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Ramesh seeks Gujarat report on toxic ship

Chetan Chauhan, Hindustan Times
New Delhi, June 01, 2011

The government rushed into action a day after report of toxic ship Probo Koala, now known as Gulf Jash, heading to Gujarat for dismantling even as country’s law fails to prevent entry of such ships.

Environment minister Jairam Ramesh on Wednesday said that he has sought a report on Gulf Jash from the Gujarat government after Bangladesh refused entry to the ship involved in controversial death of 16 persons in Ivory Coast, where it dumped its toxins in 2006.

“Yes, I have asked for the report,” the minister said.

For many environmental activists such as Gopal Krishna, convener of NGO Toxic Watch Alliance, preventing entry of Gulf Jash into Indian territorial waters will not be easy.

“Many ships enter India on basis of fake papers hiding the fact that they have toxins. Most of these toxic ships originally of the companies registered in Europe are sold to buyers who then register them in Panama. Its entire history is then wiped out,” he said.

Gulf Jash is also registered in Panama and an official of US based Global Marketing Systems, the alleged owner of the ship, told HT that the ship does not contain any toxins. “It has been used to ferry dry cargo since the Ivory Coast incident,” the person who identified himself as Rizwan said.

He explained the history of the ship since illegal dumping of toxins in Ivory Coast allegedly caused death of 16 persons but claimed that the company is not its owner. He, however, did not deny that it was negotiating to buy Gulf Jash. “We negotiate to buy many ships,” he said.

As the news of Gulf Jash entering India spread, Alang based Leela Group was prompt to claim that it has not bought the ship. “We have no connection to her or have any information regarding the vessel,” a statement issued by Corporate Communication department of the company said.

As per rules, a foreign ship for dismantling is allowed entry only if it has an Indian buyer. In the past, ships denied entry into Bangladesh such as SS Blue Lady was bought by Indian ship breakers and were dismantled in Alang in Gujarat.

If the government wants the environment ministry can direct the port and coast guard authorities prevent to a ship from entering India on the grounds of containing toxins. In 2009, the ministry has stopped entry of US ship Platinum II allegedly carrying 200 tonnes of asbestos and 210 tonnes of materials containing toxic polychlorinated biphenyl (PCB) from entering Alang.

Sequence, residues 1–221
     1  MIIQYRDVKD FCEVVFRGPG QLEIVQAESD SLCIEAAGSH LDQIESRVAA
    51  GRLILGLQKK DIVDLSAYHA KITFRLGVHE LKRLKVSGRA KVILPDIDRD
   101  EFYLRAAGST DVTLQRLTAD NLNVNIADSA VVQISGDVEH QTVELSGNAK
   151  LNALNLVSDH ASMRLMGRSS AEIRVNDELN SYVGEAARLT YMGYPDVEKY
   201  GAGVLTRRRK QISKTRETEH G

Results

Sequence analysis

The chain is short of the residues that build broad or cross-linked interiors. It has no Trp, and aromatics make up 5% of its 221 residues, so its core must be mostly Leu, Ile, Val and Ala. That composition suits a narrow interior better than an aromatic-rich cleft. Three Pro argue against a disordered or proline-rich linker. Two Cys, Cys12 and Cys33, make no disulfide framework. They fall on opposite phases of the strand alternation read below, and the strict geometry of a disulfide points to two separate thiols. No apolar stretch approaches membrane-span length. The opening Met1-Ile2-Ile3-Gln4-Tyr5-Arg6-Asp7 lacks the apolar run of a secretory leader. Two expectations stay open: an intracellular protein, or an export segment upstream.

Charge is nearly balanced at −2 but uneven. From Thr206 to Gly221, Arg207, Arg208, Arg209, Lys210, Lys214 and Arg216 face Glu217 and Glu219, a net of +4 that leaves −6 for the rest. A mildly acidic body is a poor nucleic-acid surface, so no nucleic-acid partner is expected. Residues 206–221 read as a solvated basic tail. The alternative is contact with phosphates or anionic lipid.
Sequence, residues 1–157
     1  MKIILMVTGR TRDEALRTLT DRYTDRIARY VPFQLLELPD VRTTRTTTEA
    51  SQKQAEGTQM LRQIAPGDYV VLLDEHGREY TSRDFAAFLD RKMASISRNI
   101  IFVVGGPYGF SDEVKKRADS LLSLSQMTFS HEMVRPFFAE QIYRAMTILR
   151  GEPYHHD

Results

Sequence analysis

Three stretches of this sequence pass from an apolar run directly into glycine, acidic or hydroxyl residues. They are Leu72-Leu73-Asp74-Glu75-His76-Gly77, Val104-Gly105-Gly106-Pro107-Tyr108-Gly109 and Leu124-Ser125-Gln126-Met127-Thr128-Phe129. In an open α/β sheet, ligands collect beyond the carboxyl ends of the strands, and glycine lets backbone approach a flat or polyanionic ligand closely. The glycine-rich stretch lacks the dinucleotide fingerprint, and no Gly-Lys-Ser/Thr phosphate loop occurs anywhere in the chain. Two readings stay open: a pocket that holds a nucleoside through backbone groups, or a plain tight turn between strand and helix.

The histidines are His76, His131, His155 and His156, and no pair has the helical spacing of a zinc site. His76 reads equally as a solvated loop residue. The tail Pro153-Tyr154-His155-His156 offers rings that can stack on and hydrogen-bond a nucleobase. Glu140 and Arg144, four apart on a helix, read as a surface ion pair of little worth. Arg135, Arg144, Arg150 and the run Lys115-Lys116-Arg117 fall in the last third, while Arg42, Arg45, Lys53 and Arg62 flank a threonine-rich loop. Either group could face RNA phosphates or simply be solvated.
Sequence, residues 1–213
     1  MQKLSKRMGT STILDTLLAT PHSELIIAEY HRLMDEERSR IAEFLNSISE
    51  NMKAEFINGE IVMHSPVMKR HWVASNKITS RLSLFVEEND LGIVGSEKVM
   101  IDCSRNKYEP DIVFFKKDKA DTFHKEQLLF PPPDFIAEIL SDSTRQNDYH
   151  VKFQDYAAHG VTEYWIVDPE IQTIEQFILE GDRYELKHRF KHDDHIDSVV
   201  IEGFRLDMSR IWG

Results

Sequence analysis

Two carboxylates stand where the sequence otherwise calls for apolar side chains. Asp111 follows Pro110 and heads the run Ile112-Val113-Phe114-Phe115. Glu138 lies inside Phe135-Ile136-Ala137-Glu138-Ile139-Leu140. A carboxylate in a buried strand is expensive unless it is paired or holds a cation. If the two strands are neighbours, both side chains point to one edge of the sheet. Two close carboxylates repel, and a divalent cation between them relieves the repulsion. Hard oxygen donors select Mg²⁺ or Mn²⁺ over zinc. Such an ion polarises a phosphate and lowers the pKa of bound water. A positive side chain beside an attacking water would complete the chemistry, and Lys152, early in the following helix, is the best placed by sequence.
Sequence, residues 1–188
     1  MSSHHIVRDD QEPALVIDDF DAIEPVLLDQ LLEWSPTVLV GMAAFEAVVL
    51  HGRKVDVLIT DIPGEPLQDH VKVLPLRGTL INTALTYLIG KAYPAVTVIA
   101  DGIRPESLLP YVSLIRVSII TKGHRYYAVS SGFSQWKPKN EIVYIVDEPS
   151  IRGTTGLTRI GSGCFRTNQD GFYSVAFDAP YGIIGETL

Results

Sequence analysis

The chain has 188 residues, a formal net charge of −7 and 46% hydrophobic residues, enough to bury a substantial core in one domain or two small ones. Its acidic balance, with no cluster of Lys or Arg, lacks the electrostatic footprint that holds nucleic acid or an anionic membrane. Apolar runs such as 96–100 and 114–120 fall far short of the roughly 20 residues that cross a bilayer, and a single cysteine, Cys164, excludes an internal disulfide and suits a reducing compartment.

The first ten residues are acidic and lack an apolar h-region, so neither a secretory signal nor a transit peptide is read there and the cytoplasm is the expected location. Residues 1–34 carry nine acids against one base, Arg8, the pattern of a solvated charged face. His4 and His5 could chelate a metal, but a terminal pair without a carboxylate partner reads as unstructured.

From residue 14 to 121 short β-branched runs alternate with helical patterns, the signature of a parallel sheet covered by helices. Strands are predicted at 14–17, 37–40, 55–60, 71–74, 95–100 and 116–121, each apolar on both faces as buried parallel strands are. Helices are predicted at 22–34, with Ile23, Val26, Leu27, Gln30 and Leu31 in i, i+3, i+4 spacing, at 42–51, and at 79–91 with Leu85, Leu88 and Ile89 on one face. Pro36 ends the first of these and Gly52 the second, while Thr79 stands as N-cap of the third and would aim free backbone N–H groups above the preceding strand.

This time, the ministry’s action will depend on the report it receives from the Gujarat government.

Govt unaware of owners of ships coming to Alang, says report
Jun 2, 2011

NEW DELHI: The government is unaware of who really owns the ships that are coming to Alang for ship-breaking, an internal report of the government accessed by TOI admits.

The report prepared by the Standing Monitoring Committee on Shipbreaking Yards at Alang notes that the customs officials and the Gujarat Maritime Board are unable to verify whether the documents provided to them when the ship beaches at Alang are falsified or not.

The committee has recommended that the Director-General Shipping be made responsible for verifying the documents of the 'end-of-life' ships coming to Alang for being broken down.

But the Gujarat Maritime Board has attempted to create a loophole in this. It has said that if the DG Shipping does not clear the documents within 48 hours then it would be presumed that the certificates submitted are authentic and genuine.

The committee had noted that the customs and GMB officials had been unable to "verify the authenticity and genuineness of ship's registry/flag in the past in respect of some ships referred to them".

The issue of ownership had become important with a Naval intelligence report. The report had warned in 2004 that the Dawood gang had invested heavily in the business of ship-breaking. "A large number of cash buyers (who buy these condemned ships against cash) are Pak nationals based at London/UAE. Due to large profit margins, Dawood group appears to have invested heavily in Cash Buyers thus having a stake in most deals," Directorate of Naval Intelligence had noted.

Almost 40-50% of the metal trade arising from breaking down a ships was done through the hawala route, it had also recorded.

The intelligence report had warned that smuggling of contraband, explosives and agents on these ships on to Indian soil was a distinct possibility. It had said that the defence ministry should give clearance for all such vessels before the ship is allowed to enter Indian waters.

It has been reported several times that ships bearing registration with shell companies in countries like Liberia, Comoros Islands, Kiribati and Panama come for breakage at Alang. The real owners of the ships remain hidden behind these shell companies with the ships carrying what are called 'flags of convenience'.